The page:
Once you’re in the field and on a mission, moving around uses the typical WASD layout that we’re all well versed in by now, or of course using a gamepad's twin sticks, as befits the genre. There are objectives to complete which are shown as symbols on the map. These could be activating a Surface to Air Missile launcher or holding a territory in King-of-the-Hill style gameplay, along with many others. Around the map you’ll find samples which help towards weapon improvement. There a mini-map which displays enemies using a radar system and also shows where your objectives are. Once enemies are encountered it’s simply right click to aim and left click to obliterate.

Ammo is quite limited, usually to around four full magazines. Oh, and Helldivers also uses the ultra-realistic feature where any ammo left in a discarded clip is lost – luckily the game does warn you about this, but it can be tough to remember initially.

Once you’ve completed all of your objectives and killed every enemy in sight (or ran like hell from them because you’re out of precious ammo) then you can head to the pickup point. Activating this point gives you a series of up, left, down and right commands that you execute using W, A, S and D, respectively. This is a neat little system and is quite reminiscent of entering cheat codes in Grand Theft Auto: San Andreas. Or, if you were a goodie-two-shoes, then it’s a little like the lowrider contest mechanics. This system is actually used in a few places, such as activating certain objectives and calling in stratagems. I’ll be honest, the first time I extracted I expected a rope ladder to drop down from the craft to make my escape, but no; when the craft lands, make sure that you’re not underneath it. Yet another example of friendly fire in this game.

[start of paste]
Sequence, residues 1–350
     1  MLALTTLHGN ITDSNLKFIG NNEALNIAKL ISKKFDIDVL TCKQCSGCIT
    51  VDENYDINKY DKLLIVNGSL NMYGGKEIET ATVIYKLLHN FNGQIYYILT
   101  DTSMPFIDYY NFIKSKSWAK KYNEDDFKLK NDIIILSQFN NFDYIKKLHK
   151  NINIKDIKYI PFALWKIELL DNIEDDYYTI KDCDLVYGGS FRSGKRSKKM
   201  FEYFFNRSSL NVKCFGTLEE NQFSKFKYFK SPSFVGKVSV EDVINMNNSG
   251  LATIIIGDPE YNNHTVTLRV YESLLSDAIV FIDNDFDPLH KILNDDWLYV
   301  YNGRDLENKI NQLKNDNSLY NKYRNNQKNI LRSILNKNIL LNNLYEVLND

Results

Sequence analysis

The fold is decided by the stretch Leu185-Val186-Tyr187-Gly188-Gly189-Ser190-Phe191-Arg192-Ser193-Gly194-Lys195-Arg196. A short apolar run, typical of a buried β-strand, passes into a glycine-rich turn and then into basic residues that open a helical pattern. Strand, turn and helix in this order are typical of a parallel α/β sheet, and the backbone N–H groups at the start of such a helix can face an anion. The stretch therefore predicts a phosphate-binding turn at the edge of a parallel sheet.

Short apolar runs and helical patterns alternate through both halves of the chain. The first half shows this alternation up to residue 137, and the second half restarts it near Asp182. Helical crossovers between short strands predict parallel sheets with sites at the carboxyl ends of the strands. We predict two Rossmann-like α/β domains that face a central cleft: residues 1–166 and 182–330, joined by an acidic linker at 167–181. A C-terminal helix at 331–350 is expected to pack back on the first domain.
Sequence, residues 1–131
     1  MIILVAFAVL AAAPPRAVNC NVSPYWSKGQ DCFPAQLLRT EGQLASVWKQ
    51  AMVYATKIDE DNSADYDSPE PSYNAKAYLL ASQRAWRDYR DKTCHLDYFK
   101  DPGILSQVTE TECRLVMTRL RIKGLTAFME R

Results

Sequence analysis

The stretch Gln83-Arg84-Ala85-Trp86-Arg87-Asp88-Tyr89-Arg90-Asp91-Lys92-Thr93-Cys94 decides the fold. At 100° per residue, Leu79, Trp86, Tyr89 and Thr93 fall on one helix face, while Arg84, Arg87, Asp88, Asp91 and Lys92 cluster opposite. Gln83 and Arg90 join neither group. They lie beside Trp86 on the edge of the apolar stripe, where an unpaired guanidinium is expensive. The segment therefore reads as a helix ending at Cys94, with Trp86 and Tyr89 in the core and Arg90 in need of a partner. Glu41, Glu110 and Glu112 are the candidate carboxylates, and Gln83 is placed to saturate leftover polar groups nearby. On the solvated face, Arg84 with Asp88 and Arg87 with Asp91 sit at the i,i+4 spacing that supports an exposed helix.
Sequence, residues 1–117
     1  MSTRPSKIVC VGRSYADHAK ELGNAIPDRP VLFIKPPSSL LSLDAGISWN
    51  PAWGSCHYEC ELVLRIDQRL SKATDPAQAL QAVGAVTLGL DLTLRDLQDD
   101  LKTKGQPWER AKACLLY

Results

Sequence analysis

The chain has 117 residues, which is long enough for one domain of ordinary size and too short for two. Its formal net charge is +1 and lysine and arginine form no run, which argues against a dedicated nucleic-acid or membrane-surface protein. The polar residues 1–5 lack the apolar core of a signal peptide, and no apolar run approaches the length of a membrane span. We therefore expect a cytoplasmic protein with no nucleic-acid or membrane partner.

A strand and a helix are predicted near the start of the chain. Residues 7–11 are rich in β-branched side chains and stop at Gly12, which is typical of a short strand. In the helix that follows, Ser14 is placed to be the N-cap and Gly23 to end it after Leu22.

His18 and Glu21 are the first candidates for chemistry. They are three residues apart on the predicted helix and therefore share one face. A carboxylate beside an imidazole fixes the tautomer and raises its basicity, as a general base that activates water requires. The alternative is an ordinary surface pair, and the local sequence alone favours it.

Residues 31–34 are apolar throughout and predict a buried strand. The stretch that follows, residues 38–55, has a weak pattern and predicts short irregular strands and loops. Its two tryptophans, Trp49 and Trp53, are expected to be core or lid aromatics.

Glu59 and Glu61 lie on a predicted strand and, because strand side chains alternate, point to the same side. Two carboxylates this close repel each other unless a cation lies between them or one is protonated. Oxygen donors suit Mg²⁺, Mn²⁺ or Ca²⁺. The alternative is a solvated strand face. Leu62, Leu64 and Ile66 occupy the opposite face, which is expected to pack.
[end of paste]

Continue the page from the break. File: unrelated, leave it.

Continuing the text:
Overall the mission structure is fairly linear and can be repetitive during longer sessions once combat starts to become more of a chore than an enjoyable blood-fest, but that aside the variation in mission design makes things feel a little more fluid.

Visually, this is very much an isometric twin stick shooter. If you’re looking for photorealistic graphics and spectacularly detailed effects then this certainly isn’t for you. The graphics aren’t going to be worrying the likes of The Witcher or Battlefield but for the genre they are quite pretty. There’s a colourful palette on offer and the lighting effects are quite immersive. There’s a small array of graphics settings to tweak depending on your hardware. There’s also free key binding and you can switch between using mouse, keyboard or both.

Gameplay and ambient sounds are aplenty and of high quality. Weapon firing audio is fairly rewarding and destroying a robotic enemy sounds as satisfying as it looks. Speaking to NPCs yields paragraph after paragraph of written text but there’s only a small line of spoken prose. For a smaller title like this it's understandable, particularly when considering the number of languages supported. Recording the full audio would be quite the money sink.

If you take into account the limits of the genre itself, then Helldivers is a fantastic way to keep yourself busy for hours at a time, Helldivers is a surprisingly immersive game with intuitive mechanics and a rewarding levelling system. Repeating seemingly the same mission over and over does get a little staid, but the variable objectives and procedurally generated worlds go some way to fixing that. Not taking itself too seriously, this is friendly fire fun for all.